Stay-at-home students need help to get moving

European universities need to improve their efforts to help doctoral students and academics spend time abroad, a report by the European University Association has found.

September 13, 2012

A survey of faculty, students and leadership at 34 European universities suggests that, although support in studying and training abroad is well established at bachelor’s and master’s level, efforts for researchers need further work.

This is despite responses suggesting that within universities, mobility is most important for doctoral candidates and early-stage researchers. Benefits cited include the potential for time spent abroad to generate new ideas and the chance to forge joint research collaborations.

The survey, published on 4 September, also suggests that administrative staff are those least encouraged to experience life elsewhere, with only 28 per cent of respondents saying there was enough awareness that mobility was important for this group.

Mobility: Closing the Gap Between Policy and Practice is the outcome of a two-year project collectively undertaken by the EUA, Swansea University and the universities of Marburg, Oslo and Trento, aiming to map the mobility of staff and students.

The project was designed to look at how institutions are responding to pressures to increase mobility, such as the Bologna Process target to increase the number of graduates who have studied or trained abroad to 20 per cent by 2020.

According to the EUA, the lack of human resources and funding to support it has so far undermined student, doctoral candidate and staff mobility in most institutions. More than half of respondents in the study cite insufficient resources as one of the main obstacles to student and academic staff mobility.

Almost a third say concern over the quality of education in other institutions prevents them sending students elsewhere, while 23 per cent say that the risk of losing good doctoral students is also an obstacle.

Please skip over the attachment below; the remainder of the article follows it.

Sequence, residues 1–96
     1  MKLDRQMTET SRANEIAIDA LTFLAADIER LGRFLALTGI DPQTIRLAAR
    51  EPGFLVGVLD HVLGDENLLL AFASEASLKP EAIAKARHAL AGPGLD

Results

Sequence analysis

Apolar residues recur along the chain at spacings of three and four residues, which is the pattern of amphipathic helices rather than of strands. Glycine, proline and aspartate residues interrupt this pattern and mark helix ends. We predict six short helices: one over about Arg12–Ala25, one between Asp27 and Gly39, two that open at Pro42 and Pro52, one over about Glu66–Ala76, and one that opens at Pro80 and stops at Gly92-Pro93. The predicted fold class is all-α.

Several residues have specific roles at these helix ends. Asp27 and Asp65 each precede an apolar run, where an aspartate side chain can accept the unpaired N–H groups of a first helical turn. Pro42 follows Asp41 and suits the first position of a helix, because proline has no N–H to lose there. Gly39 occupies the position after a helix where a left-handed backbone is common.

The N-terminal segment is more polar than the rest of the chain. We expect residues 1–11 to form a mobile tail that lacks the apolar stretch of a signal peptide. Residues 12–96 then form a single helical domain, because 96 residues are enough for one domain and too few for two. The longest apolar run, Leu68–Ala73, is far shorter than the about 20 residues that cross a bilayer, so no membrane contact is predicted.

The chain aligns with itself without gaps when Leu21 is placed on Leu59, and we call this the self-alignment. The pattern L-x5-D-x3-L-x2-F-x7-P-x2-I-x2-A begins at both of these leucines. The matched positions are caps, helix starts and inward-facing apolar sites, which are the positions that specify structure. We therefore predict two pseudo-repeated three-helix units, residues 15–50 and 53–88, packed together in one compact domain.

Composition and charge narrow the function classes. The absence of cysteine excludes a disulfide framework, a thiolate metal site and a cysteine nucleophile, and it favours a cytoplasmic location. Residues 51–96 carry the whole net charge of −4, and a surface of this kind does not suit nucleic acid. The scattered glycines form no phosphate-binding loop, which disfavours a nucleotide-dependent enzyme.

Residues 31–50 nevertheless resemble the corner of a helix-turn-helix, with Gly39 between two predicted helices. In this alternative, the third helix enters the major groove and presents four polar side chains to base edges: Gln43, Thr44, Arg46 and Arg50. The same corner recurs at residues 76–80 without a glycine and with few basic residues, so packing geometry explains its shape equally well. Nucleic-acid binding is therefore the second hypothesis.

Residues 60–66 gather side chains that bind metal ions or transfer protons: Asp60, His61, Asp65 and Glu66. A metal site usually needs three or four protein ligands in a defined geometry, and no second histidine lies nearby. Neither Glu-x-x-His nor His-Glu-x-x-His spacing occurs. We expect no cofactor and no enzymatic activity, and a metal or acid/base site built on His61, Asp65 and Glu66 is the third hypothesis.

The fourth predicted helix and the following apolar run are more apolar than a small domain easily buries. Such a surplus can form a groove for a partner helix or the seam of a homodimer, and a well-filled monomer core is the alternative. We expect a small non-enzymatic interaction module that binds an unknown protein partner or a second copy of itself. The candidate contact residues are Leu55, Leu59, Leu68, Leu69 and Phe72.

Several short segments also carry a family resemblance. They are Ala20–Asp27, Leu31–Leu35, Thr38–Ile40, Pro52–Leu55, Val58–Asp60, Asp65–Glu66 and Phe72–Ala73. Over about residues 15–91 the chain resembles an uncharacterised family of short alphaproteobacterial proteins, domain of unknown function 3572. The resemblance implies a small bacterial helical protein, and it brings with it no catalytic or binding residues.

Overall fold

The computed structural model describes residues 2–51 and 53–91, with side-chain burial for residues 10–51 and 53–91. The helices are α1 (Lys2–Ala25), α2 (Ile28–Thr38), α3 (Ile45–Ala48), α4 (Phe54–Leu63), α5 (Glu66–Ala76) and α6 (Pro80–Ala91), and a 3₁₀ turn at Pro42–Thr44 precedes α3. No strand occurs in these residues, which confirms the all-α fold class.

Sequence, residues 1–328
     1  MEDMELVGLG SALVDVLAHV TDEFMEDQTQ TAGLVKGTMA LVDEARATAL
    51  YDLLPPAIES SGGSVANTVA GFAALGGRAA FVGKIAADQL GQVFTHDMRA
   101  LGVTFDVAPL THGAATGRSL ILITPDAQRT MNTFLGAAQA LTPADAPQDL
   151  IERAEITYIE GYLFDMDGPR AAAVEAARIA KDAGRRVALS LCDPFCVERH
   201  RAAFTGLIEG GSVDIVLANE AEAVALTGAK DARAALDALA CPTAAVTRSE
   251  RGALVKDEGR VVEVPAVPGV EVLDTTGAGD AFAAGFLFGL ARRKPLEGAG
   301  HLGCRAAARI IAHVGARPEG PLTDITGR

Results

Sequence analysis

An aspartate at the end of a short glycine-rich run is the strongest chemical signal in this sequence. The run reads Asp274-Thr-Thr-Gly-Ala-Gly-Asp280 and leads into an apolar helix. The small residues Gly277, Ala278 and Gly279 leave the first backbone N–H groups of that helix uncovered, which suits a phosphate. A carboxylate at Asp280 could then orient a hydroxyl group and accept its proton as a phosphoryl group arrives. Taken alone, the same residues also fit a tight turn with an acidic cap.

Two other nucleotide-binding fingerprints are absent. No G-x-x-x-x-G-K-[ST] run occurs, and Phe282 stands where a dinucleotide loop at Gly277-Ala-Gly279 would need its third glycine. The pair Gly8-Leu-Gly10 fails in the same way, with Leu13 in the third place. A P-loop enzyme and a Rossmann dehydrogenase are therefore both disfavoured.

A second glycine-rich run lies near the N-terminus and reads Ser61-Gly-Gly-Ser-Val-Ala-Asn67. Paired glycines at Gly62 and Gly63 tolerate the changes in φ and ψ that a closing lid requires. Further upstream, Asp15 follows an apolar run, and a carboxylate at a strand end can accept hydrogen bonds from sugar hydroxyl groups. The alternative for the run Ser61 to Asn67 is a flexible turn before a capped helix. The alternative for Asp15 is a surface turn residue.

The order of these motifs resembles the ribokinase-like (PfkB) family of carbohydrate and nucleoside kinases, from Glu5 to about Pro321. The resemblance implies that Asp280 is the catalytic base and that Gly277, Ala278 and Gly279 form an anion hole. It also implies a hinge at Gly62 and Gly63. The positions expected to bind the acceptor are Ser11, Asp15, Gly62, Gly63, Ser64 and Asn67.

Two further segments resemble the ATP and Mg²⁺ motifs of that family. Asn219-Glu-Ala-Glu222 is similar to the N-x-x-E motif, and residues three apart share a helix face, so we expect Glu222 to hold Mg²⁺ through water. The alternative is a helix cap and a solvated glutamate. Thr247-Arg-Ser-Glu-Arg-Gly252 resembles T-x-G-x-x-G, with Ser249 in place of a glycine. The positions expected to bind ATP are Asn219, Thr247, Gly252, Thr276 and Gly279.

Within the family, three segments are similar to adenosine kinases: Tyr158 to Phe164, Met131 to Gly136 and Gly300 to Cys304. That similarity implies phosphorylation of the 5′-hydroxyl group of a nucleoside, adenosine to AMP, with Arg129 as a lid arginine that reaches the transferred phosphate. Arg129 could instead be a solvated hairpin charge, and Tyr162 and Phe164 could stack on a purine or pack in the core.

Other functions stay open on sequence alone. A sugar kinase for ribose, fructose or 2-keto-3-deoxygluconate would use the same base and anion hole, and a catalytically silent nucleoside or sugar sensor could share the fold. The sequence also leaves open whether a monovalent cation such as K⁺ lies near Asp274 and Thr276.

The EUA’s report recommends that universities improve their efforts to collect data and monitor different kinds of mobility across their institutions.

You've reached your article limit.

Register to continue

Registration is free and only takes a moment. Once registered you can read a total of 3 articles each month, plus:

  • Sign up for the editor's highlights
  • Receive World University Rankings news first
  • Get job alerts, shortlist jobs and save job searches
  • Participate in reader discussions and post comments

Have your say

Log in or register to post comments

Most Commented

Felipe Fernández-Armesto takes issue with a claim that the EU has been playing the sovereignty card in Brexit negotiations

Female professor

New data show proportion of professors who are women has declined at some institutions

John McEnroe arguing with umpire. Tennis

Robert MacIntosh and Kevin O’Gorman explain how to negotiate your annual performance and development review

Man throwing axes

UCU attacks plans to cut 171 posts, but university denies Brexit 'the reason'

opinion illustration

Eliminating cheating services, even if it were possible, would do nothing to address students’ and universities’ lack of interest in learning, says Stuart Macdonald